We can use this to gain insight into skill differentials as well. In the past, before machines took over human labor, strength largely determined income, as a stronger human being was desired more, so as to do more labor. This made younger men the most desired worker. However, as machines made strength a less important factor, older people became more able to work. This can even be seen in the 20th century in the United States. In 1951, those between 35-44 years of age were the highest income earners. Fast forward to 1993, and the majority of high income earners had were now in the 45-54 age bracket. Again, this was a change in skill level required, as society changed.
What about discrimination? After all, there could be lower income earnings as a result of sex, race, or other kinds of discrimination. The problem is that this is much more difficult to quantify. For example, on average, women tend to have lower incomes than men. But this can be explained by the fact that women can do something men can never do: give birth. Birthing and raising a child tends to interrupt the careers of women in the workplace, and thus inhibits their income. When we look at single women who have worked without being interrupted in such a a way, they actually tend to earn more than single men in the same age group. This tells us that, once again, skill (and experience) are the better determiners of pay than anything else.
Let's do a slightly different take: let's suppose that the general average of women's income was determined to be lower than men, even when accounting for pregnancy and raising children. All economically sound employers would then be incentivized to actually hire more women, since they could simply pay them less, and keep more money (something that all employers want to do). There would then be a shortage of women in the workplace, which would increase the demand for them, which would increase the payment. In the end, it would balance out economically, and the employer who discriminates against women by not hiring them would put himself at an increasingly stupid disadvantage. This actually happened in South Africa during apartheid, as employers would hire more blacks than was permitted by the government, because it was just more economically sound.
This is the difficulty of measuring discrimination. It may on the surface appear that discrimination happens. But oftentimes, when accounting for non-discriminatory explanations, the numbers become economically rational.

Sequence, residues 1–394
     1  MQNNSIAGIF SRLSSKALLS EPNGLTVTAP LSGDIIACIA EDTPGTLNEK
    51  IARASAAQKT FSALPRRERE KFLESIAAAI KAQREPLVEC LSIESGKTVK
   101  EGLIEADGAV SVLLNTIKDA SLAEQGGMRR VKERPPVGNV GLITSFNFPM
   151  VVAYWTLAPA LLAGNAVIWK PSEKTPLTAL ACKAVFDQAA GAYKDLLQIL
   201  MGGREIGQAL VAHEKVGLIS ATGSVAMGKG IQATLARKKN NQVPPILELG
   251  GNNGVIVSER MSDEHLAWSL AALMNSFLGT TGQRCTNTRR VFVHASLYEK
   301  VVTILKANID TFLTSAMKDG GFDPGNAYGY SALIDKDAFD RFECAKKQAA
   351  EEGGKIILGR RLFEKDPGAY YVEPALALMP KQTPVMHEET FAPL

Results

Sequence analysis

Capital, Labor, and Efficiency
When we talk about work, we must understand that both capital and labor are necessary. Labor is the work people put in, while capital is the material needed for that work. However, whether the labor and capital are being put to good use (i.e. efficient) is difficult to define.
For example, in agriculture, the output per acre is lower in the United States than in Europe (generally). However, if we look at output per agricultural worker, it tends to favor the United States. This is because a lot more land is available in the United States than in Europe. Third World countries similarly will be able to use their capital (i.e. tools) more than wealthier ones, due to the fact that they have fewer of them.
In this way, a principle mentioned in previous chapter comes to the fore: economies are not simply about money, but the scarce resources which are used in that society. Are those scarce resources being put to use in the best way? Just because a freight train in one country is used to move one material than in another country doesn't mean it is being used to maximum efficiency. It could mean that, in the latter country, those trains are also being used for something else (e.g. passengers).
And so, efficiency, like discrimination, is actually difficult to measure, and requires a closer look at what is going on, rather than blanket statements that don't give any real information.
I didn't put any explicit examples in this time, but it's quite hilarious how Sowell often mentions the Soviet Union in comparison to the United States, as if to keep hitting the nail on the coffin of just how bad of an idea the communist nation was.
I don't have many thoughts on what was mentioned above, except at the end, in terms of efficiency and resource allocation. Let's get to it.
Cryptocurrency and Economic Efficiency
Almost everyone who follows XRP knows Brad Garlinghouse's famous statement on the ease of moving money across borders. Or rather, the lack of ease of moving money across borders. That famous line about it being faster to put money in a suitcase and send it on an airplane is probably going to be a meme at some point.
It does highlight the inefficiency of the monetary system at the moment, of course. Flying an airplane costs a ton of money and fuel, so while that idea clearly doesn't cost less, it does seem ludicrous that cross-border transactions take such a long time.
There is another side to money efficiency though.
Currently, Bitcoin is the most popular cryptocurrency in the space. According to Coinmarketcap, about 30 billion dollars are moved through it each and every day. The amount for Tether is even higher, at around 40 billion as of this writing. Both use blockchain protocols that absorb extraordinary amounts of energy to keep running. Bitcoin, by itself, requires energy greater than that of entire countries to maintain. In such a vacuum, as it grows more and more, the drain produced may actually begin to affect real countries' ability to sustain themselves. If we are to survive as a technologically advanced species, this clearly cannot continue to go on.
Furthermore, Bitcoin and Tether are quite slow in comparison to other cryptos today. But a question may now be important to ask: is society ready for near instant transactions?
If it costs nearly nothing, and no time, to move money from one person to the next (as in the case of XRP), there may be indirect consequences that we haven't thought of. Just like there are consequences of instant global communication, ala the Internet, and its effects on our society. Addiction to social media is a real thing, and it hasn't really been solved for the most part. Could fast-moving money have similar negative ramifications?